2011 FDA Global Electoral Fairness Audit of Spain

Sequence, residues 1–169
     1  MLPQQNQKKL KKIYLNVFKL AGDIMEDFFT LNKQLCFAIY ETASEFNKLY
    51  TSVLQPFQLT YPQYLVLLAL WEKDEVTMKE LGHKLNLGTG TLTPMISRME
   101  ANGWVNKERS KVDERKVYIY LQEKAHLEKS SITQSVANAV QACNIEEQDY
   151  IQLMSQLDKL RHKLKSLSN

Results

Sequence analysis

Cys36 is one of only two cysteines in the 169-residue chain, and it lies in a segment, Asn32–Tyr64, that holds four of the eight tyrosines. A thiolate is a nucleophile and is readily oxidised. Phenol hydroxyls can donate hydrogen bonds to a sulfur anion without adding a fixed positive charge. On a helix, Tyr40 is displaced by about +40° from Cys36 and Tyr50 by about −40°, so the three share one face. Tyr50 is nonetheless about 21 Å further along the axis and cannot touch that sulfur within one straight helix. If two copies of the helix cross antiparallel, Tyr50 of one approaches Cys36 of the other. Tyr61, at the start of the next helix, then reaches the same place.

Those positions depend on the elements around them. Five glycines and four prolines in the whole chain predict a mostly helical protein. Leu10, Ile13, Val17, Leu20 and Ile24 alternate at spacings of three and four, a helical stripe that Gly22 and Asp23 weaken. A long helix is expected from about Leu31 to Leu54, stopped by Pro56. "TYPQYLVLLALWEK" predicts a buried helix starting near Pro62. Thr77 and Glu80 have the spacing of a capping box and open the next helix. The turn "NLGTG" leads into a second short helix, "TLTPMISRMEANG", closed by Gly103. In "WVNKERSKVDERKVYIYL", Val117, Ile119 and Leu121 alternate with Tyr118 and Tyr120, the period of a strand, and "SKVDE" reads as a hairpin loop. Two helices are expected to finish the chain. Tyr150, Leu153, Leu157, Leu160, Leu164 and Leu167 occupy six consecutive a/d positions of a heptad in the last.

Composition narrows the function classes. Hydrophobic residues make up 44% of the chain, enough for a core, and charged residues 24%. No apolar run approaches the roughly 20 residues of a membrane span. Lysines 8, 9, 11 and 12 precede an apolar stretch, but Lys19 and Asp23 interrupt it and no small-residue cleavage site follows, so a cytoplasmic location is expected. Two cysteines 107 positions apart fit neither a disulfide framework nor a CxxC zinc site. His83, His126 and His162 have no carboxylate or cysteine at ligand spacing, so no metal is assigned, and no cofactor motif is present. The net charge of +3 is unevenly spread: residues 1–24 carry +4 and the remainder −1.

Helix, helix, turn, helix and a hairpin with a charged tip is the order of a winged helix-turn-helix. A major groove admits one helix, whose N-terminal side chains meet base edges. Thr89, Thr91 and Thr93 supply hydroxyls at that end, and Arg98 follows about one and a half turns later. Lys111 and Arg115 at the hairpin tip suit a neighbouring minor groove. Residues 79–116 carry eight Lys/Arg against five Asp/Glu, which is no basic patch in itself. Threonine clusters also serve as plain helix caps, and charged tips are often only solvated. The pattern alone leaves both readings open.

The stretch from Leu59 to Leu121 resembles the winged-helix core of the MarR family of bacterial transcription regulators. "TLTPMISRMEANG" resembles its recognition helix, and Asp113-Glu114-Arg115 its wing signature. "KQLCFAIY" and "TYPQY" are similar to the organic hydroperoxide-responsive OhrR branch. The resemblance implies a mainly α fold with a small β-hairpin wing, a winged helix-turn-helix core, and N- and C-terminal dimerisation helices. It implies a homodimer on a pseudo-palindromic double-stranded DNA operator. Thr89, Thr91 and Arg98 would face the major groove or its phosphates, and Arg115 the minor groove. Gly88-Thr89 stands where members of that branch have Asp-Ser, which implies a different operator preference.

Spain received an overall electoral fairness score of 42.25 percent. The score means that the constitutional and legislative basis of Spain’s electoral system within its monarchy is unacceptable and more unfair than fair. A score of 50 percent is the minimum passing score. Spain has many elements of electoral fairness such as proportional representation, free public airtime for registered parties, parliamentary seats for self-governing, autonomous regions, and disability assisted votes, mail and diaspora votes. However, these fairness elements are more than offset by a consistent legislative bias to political parties successful in the previous election,lack of transparency of electoral finances, and partisan private media outside of the election period. The election period is only two weeks in duration. So there are potentially 1447 days in which the Spanish voting public can be influenced and/or manipulated by the major media(which has no ownership concentration regulations). The bias to parties successful in the previous election applies to media access, public electoral subsidies, and the proportional determination with the 3 percent of national votes as the barrier of entry. Just because a party was successful in the previous election, it does not follow that it should have an advantage over new and small parties not successful previously, in the current election. The Spanish system, despite claiming to be a multi-party system, encourages significantly the status quo and a two party system, at the expense of electoral discourse and ultimately electoral choice.It is unclear why the Spanish large, established parties cannot compete on equal playing field with other Spanish parties, rather than relying on a significant unfair legislative advantage.Similar to Canada, the problem with the Spanish system is that the majority of the Spanish parliamentarians legislate the election and media laws to their advantage. This conflict of interest results in a democratic dictatorship of two parties within the monarchy, as suggested by the fact that in the eight elections since the fall of Franco, only the same two parties have attained elected political power in Spain.